TriSports_official_oval_sbrsEditor’s note: is a former sponsor of 

Online triathalon retailer, which is headquartered in Tucson, filed for Chapter 11 bankruptcy protection earlier this month.

The company filed for the protection on June 14, 2013 when they were unable to restructure two loans in the total amount of $1.77 million from Bank of the West. founder and CEO  Seton Claggett told TucsonVelo that the loans, which were taken out in June and October 2011 were used to purchase the store’s solar panels and implement a new software system for the mail-order business. The loans were secured by the company’s assets.

Claggett said they were 5-year loans in which the first year was interest-only payments. Claggett said when the loans switched to principal plus interest payments in October of 2012, Bank of the West decided to call the loans due.

“The most frustrating thing is we still don’t know why the bank called the loans,” Claggett said.

According to court documents filed by’s attorneys, the loans matured on Oct. 15, 2012 and in March 2013 Bank of the West filed a suit in Pima County Superior Court demanding payment and asking for control of the company’s assets based on the loans’ terms asserting it was owed $1.77 million.

Claggett said the company tried to work with the bank to negotiate terms for repayment but the bank wouldn’t accept the company’s plan to repay the loans. Trisports decided to file for bankruptcy protection to prevent the bank from dismantling the company by selling off its asetts.

Court documents indicate that the company estimates the retail value of the company’s assets to be $3.7 million. According to the documents, Trisports asserts that if the bank takes over the assets it would essentially ruin the business and prevent repayment to many of the other companies to which owes money.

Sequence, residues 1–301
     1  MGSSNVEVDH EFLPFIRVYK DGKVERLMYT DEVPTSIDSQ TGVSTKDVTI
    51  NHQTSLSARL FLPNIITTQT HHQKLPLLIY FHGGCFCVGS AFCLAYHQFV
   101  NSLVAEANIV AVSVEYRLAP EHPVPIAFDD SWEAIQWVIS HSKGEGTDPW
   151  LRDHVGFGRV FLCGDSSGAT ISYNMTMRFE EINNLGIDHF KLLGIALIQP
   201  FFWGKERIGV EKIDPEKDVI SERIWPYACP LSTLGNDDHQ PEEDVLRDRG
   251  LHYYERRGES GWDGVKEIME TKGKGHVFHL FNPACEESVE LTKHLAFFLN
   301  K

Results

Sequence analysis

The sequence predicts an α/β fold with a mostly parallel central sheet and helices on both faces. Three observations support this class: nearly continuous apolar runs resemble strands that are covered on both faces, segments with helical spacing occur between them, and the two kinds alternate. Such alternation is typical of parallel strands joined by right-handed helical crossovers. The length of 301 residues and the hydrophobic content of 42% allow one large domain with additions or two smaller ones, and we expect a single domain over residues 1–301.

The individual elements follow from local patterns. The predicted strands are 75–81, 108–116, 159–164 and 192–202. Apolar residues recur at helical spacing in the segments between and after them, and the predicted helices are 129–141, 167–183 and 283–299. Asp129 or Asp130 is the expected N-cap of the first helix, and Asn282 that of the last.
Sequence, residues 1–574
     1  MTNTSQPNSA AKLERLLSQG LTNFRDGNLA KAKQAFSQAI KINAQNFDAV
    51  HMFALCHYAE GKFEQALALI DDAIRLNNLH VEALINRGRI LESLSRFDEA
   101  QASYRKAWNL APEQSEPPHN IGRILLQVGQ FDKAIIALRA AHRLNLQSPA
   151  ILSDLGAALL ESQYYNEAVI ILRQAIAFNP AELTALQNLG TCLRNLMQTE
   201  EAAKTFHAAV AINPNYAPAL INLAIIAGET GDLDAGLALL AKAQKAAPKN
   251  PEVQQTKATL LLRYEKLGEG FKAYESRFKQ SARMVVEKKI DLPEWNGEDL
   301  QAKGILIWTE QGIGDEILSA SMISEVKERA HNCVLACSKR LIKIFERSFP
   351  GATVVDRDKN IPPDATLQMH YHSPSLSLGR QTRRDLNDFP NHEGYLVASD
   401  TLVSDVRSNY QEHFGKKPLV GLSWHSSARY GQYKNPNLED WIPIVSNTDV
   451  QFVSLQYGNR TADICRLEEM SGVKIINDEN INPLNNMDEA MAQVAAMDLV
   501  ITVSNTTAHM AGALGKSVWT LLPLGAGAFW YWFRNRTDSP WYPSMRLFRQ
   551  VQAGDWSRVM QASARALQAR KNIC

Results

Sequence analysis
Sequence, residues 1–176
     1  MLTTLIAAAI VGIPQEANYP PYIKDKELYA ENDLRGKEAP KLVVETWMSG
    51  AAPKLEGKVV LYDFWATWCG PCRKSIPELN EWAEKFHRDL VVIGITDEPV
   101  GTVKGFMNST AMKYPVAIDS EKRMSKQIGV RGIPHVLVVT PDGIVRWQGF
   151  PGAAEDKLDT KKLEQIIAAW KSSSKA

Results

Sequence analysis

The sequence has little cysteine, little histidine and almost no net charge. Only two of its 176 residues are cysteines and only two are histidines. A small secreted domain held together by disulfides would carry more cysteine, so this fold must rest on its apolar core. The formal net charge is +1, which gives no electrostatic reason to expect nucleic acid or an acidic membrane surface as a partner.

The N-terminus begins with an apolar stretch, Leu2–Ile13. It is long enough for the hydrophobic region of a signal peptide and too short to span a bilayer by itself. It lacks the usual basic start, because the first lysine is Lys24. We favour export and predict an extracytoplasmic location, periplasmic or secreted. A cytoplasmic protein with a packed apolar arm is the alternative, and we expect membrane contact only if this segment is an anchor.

A list of the company’s suppliers indicated owes about $1.5 million to its top 20 suppliers and service providers.

Claggett said all but two of their hundreds of suppliers are continuing to do business with them during the reorganization.

Claggett said the business is still healthy and they filed for protection to prevent Bank of the West from taking control of the firm’s assets and to use the court to work out a repayment plan.

In the filings Trisports listed several setbacks to their business and expansion goals.

The documents indicate the new ordering software had many glitches and ended up costing the firm $500,000 in lost sales.

Additionally, the company spent more than $750,000 to expand a physical store to Tempe which hadn’t started making money. The Tempe store was closed in May. Clagett said the decision to close the store was made to show the courts that the company was working to reduce its costs and save money.

The filing also lists lost sales from other online retailers like According to court documents, all but two of their suppliers have put products on Amazon and surveys indicate Amazon has increased its market share while’s  market share has fallen.

The document indicates revenue is down 21 percent compared to the same time in 2012.

According to the bankruptcy filing, the company plans to use the protection to reorganize and reset.